A legendary racehorse will get a new resting place

Written By kolimtiga on Minggu, 09 Maret 2014 | 12.56

Archaeologist Lynn Swartz Dodd has excavated ancient sites in Egypt and Turkey. Her colleague Tom Garrison runs a dig site of Maya ruins in Guatemala.

On Saturday they descended into a trench outside the former Hollywood Park racetrack in Inglewood to explore some more recent history.

They were looking for the remains of a legendary racehorse.

Native Diver was a wild-eyed black colt so fast and so beloved that when he died in 1967, he was buried at his hometown track. An elaborate stone memorial marks the grave, a testament to a bygone era when horses and their owners were national celebrities, and when tens of thousands of fans packed the stands of Hollywood Park to cheer on their favorite steed.

The track closed in December after years of declining revenue. Its owners plan to tear it down and build an office and shopping complex. Richard Shapiro, the grandson of the man who bred and owned Native Diver, said he couldn't bear the thought of buildings atop the horse's grave.

"He's racing royalty," said Shapiro, 60, who asked USC for help with the excavation. "You couldn't leave a horse like this beneath a real estate development."

Once exhumed, Native Diver's remains will be taken to Del Mar racetrack and stored there until a new burial site is prepared.

Before the dig started on Saturday, Shapiro gave a short presentation about Native Diver to Dodd and Garrison, who are both professors at USC, and about a dozen archaeology students who had come to help.

The first horse bred in California to earn more than a million dollars, Native Diver won 34 stakes races and still holds the record, with another horse, for most Hollywood Gold Cup wins.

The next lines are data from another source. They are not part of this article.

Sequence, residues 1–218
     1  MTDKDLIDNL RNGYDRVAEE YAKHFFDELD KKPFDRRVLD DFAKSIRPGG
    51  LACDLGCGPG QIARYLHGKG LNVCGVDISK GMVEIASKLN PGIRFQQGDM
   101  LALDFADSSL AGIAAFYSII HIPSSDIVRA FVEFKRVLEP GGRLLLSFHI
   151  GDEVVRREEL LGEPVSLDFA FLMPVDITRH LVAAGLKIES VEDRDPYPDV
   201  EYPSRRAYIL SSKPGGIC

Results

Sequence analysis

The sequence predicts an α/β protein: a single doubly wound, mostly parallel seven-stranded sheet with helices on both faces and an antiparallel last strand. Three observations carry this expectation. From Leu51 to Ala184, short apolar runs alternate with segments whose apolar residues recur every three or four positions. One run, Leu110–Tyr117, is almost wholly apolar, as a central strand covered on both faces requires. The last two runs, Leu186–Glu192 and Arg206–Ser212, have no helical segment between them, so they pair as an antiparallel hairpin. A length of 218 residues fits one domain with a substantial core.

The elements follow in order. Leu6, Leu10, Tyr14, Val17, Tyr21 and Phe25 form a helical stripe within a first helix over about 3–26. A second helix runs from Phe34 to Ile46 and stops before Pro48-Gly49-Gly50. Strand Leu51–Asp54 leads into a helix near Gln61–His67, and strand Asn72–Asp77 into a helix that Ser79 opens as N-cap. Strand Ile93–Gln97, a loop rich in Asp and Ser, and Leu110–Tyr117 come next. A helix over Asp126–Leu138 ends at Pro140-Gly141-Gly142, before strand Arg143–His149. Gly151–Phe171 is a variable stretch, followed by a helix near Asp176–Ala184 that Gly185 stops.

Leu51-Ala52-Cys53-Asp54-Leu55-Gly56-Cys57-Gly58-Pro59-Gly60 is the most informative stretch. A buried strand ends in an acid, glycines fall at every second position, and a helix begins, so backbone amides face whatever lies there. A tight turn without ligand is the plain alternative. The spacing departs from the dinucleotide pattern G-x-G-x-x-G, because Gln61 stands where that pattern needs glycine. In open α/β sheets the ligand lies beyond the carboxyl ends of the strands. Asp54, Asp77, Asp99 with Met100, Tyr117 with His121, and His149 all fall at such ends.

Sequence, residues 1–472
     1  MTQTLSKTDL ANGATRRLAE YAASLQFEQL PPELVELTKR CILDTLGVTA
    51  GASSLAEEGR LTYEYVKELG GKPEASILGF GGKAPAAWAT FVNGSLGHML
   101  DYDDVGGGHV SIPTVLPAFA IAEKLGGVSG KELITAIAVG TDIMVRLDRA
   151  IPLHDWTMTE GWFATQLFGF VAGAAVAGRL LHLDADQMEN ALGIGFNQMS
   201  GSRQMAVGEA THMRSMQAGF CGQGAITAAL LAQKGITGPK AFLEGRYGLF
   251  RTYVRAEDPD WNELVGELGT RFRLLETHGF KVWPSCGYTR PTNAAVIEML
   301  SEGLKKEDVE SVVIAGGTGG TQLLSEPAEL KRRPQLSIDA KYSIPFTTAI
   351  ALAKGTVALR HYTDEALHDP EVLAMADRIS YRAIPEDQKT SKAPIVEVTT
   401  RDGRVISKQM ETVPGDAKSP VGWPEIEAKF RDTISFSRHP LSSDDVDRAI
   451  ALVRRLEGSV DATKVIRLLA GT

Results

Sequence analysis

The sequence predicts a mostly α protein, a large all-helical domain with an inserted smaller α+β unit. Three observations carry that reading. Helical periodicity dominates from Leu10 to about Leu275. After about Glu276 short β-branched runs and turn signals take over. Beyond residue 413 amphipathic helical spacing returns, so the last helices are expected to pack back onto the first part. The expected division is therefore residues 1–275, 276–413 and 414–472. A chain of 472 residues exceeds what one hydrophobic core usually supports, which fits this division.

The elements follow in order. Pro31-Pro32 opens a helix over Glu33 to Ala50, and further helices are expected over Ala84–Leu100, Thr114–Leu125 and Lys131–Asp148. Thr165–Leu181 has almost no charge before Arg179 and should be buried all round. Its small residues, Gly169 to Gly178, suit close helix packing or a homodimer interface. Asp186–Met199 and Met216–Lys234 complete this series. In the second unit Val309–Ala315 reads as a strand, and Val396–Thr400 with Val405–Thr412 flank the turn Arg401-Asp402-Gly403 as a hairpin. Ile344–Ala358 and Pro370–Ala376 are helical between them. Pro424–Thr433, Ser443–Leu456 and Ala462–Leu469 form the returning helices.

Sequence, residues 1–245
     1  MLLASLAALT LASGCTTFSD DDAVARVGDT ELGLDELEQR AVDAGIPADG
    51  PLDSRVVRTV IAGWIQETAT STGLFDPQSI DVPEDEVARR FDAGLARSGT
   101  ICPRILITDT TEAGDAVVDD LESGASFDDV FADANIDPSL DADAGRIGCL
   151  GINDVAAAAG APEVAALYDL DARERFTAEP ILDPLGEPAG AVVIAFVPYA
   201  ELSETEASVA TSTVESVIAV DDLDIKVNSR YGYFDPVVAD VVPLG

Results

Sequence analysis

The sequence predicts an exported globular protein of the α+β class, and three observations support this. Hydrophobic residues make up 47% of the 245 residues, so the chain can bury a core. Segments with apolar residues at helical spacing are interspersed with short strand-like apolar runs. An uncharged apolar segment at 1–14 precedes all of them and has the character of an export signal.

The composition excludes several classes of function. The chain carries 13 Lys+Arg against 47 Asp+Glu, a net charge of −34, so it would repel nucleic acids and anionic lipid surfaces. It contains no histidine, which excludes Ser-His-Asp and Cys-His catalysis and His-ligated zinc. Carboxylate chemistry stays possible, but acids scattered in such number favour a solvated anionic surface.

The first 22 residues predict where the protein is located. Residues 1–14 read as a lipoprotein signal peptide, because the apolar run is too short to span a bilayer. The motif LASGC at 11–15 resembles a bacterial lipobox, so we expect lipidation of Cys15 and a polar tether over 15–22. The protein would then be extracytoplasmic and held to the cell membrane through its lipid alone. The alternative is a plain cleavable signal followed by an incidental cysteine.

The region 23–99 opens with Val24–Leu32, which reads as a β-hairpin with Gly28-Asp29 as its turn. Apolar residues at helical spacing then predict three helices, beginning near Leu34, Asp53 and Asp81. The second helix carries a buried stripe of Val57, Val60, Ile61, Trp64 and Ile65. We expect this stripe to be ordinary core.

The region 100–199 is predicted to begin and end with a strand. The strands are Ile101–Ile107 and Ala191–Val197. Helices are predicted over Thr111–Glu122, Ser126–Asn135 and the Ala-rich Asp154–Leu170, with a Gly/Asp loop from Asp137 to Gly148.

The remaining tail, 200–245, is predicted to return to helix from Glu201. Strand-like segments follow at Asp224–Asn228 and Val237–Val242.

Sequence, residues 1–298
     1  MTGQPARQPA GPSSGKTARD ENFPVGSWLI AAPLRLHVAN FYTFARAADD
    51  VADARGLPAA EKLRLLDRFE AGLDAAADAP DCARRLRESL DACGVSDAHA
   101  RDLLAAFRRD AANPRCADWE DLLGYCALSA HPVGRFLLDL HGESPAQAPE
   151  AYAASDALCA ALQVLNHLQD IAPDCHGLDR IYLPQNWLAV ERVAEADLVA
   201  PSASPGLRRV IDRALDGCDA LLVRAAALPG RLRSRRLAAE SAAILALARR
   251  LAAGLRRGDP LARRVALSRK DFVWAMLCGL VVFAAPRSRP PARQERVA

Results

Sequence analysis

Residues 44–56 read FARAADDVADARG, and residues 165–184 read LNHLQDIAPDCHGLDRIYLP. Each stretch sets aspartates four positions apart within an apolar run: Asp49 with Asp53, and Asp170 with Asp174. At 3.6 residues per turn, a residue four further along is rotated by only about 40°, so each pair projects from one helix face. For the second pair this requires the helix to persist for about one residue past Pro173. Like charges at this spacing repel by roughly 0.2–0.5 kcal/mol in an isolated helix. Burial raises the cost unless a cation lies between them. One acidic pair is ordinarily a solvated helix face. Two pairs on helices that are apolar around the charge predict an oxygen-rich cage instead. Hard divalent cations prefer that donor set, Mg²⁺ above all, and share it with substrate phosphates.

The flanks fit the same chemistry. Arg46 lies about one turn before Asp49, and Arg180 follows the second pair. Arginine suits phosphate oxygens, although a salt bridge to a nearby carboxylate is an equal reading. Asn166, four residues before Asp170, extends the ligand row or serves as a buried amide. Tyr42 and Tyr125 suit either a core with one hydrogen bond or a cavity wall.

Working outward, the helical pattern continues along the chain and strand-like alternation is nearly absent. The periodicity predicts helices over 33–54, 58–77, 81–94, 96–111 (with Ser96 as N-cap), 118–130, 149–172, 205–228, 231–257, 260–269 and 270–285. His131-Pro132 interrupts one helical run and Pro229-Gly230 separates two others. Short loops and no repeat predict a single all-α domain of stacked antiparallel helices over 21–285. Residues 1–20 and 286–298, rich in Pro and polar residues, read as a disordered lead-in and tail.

Shapiro showed off a photograph taken as Native Diver crossed the finish line in his 1961 Gold Cup win. On the back, actor Cary Grant, who served on Hollywood Park's board of directors, wrote: "Congratulations Richard!"

The track was opened in 1938 by a group of shareholders that included Al Jolson, Bing Crosby and Walt Disney and was long a favorite destination for Hollywood celebrities.

Shapiro, a real estate developer who served on the California Horse Racing Board from 2004 to 2008, grew up at the track. He remembers sitting in a box with his grandparents, who paid the young boy a dime for every race he correctly called. His grandfather, Louis, ran a women's coat company and bred horses as a hobby on the family's rambling ranch in Canoga Park.

They raised many horses, but only one Native Diver.

"He was jet-black and he was very fiery and he knew he was a star," Shapiro said. When trotted out in the post parade after a successful race, the horse would stop, throw his head back and look proudly into the stands, Shapiro said. He quickly became a fan favorite.

Native Diver died of colic at the age of 8. His death made headlines around the country. At home in Canoga Park, the Shapiros were bereft. "It was like a death in the family," he said.

Standing on the side of the dig site after six hours of excavation, Shapiro said he felt unexpectedly emotional. The skeleton of the horse was slowly emerging from the earth.

Garrison, holding a trowel, pointed at one of the front legs, which appeared to be striding. "He actually looks like he's running," Garrison said.

Shapiro nodded: "He never stopped."


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